Kampala, Uganda | THE INDEPENDENT | Bank of Uganda Governor Prof. Emmanuel Tumusiime-Mutebile has said Uganda’s private sector credit remains low at 12% of country’s Gross Domestic Product, an issue that has led to slow business growth.
Private sector credit challenges
According to Mutebile, in most cases it’s only large corporate firms that have enough access to credit on more favorable terms, leaving smaller firms with limited financing options. He said small firms are often unable to get a long term capital from financial institutions.
“Despite strong economic performance since the early 1990s, Uganda’s financial sector remains shallow. Private sector credit could play a bigger role in supporting economic growth which is not the case at the moment” he said.
He said although a law to allow movable assets as collateral was passed to boost small firms’ access to credit, the legal uncertainty over property rights and lengthy proceedings to recover collateral continue to weigh down on banks’ credit risks.
The Governor said this during a High-Level Stakeholders’ Engagement on Building a 21st Century Ugandan Economy, an event that took place Kampala Serena Hotel, in Kampala last week.
What’s being done?
Mutebile said BoU together with other stakeholders are implementing a five-year financial inclusion strategy so as to improve financial literacy, develop the credit infrastructure and promote formal savings among other developments.
“In 2018, access to financial services benefited from the introduction of agency banking. Uganda has recently issued regulations for Islamic banking and preparations are underway for the introduction of the first Islamic financial products,” he stated.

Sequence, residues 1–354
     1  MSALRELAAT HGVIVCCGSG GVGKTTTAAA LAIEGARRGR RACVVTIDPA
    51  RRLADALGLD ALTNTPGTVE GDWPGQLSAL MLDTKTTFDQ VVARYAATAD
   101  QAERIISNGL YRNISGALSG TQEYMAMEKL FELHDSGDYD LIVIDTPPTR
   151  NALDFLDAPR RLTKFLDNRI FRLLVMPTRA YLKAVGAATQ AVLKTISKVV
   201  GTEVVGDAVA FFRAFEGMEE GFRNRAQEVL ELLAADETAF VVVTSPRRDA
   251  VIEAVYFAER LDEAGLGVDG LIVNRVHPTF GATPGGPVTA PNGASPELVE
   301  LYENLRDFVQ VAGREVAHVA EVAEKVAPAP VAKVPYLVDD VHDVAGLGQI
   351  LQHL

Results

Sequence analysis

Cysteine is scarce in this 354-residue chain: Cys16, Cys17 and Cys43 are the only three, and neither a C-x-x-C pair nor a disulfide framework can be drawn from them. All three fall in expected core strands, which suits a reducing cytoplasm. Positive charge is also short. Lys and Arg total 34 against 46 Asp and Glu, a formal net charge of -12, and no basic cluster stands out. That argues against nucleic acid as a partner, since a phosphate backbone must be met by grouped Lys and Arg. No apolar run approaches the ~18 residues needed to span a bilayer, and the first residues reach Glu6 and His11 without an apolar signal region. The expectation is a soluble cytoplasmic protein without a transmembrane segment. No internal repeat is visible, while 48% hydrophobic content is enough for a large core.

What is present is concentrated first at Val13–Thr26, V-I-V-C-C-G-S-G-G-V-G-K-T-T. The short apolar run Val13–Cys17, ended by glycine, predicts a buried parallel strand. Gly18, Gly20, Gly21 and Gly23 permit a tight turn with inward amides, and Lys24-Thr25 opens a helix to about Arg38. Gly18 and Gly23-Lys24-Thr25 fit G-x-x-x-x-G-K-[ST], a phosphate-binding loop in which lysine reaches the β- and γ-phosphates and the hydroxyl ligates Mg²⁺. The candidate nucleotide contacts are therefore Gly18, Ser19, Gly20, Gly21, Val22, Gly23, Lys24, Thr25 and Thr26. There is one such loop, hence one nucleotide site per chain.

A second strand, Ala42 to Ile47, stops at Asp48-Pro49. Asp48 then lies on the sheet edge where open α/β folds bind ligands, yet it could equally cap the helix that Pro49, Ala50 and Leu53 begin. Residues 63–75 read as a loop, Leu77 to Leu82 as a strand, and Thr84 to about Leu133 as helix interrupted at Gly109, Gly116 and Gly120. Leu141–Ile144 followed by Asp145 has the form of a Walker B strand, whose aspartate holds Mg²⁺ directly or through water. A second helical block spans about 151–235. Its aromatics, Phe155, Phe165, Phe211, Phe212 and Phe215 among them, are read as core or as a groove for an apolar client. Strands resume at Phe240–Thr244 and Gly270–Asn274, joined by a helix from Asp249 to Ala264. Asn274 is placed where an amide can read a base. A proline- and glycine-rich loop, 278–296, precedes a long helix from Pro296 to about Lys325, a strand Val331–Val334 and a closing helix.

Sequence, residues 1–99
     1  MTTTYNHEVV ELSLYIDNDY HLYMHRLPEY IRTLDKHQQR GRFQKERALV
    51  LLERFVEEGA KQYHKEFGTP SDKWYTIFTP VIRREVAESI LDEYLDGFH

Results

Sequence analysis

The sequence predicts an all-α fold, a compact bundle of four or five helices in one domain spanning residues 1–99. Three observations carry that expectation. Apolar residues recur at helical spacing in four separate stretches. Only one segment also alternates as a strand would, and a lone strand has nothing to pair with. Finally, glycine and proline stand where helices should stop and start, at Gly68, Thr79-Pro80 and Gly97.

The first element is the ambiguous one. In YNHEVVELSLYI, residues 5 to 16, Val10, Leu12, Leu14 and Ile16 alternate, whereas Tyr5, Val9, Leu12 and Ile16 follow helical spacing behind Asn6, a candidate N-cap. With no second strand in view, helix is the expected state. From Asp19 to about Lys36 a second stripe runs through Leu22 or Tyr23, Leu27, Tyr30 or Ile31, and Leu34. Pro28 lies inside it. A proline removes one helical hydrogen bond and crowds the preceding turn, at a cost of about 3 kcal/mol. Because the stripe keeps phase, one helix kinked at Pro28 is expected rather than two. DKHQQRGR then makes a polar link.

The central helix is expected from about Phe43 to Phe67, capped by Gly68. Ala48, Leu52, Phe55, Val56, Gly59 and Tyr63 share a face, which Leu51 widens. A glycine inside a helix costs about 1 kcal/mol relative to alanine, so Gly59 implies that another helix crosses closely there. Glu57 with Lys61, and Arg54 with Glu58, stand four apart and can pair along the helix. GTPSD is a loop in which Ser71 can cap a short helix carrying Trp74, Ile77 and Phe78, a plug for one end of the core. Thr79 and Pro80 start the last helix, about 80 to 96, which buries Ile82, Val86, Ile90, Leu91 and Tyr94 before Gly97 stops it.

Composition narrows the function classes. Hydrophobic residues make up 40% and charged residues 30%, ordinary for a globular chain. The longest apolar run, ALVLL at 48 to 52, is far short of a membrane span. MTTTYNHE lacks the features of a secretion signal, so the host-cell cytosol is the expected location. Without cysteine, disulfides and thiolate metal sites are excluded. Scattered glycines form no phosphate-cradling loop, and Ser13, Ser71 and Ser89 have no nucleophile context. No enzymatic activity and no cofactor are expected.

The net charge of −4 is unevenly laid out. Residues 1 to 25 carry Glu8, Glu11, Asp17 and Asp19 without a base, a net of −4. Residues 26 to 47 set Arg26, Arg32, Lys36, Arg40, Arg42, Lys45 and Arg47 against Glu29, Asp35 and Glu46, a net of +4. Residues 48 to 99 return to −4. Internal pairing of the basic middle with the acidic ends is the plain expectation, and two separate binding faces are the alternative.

Augustus Nuwagaba, a senior economist said banks in Uganda have one of the highest interest rates in the world which makes a number of individuals and enterprises use other financing avenues such as savings groups, to get credit.
“At 26%, our interest rates are among the highest in the world. It discourages private sector to borrow; if you look at China, interest rates are at less than 1%, United Kingdom (1.2%), Botswana (8%), Kenya (14.5%). Even if you compare here in East Africa, Uganda has the highest interest rates,” said Nuwagaba.
Another factor, according to him is the fact that Uganda’s savings to GDP ratio is still low at 12, yet 90% of this savings are done via National Social Security Fund (NSSF). This, he said implies low financial depth.
“There are not very many areas where you can get money; you can get money from banks which are already lending at high rates,” said Nuwagaba.
Why high interest rates?
Nuwagaba said the exorbitant domestic borrowing by Government crowds out private sector because banks feel more secure with lending to government which pays in terms of bonds and treasury bills. Richard Sempa, a banker said banks are risk adverse hence will need collaterals before money is given out.
“The interest rates are quite high for a number of private sector players but the fundamental issue is about risks involved,” he stated.
What should be done to boost private sector credit growth?
Nuwagaba said a number of interventions must be put in place to boost private sector credit growth. He said the government should reduce on excessive borrowing so that there’s money for private sector uptake in banks.
“First of all, government should reduce borrowing in areas which are not critical. If it borrows to buy malaria or Ebola fight, that’s understandable. Why would Government borrow to increase salaries for lecturers or doctors?” He said.
Private sector player’s view
Juvenal Kule Rwantangale, renowned coffee farmer and businessman in Kasese noted that banks should instead come up with products that suit farmers.
SOURCE: CSBAG newsletter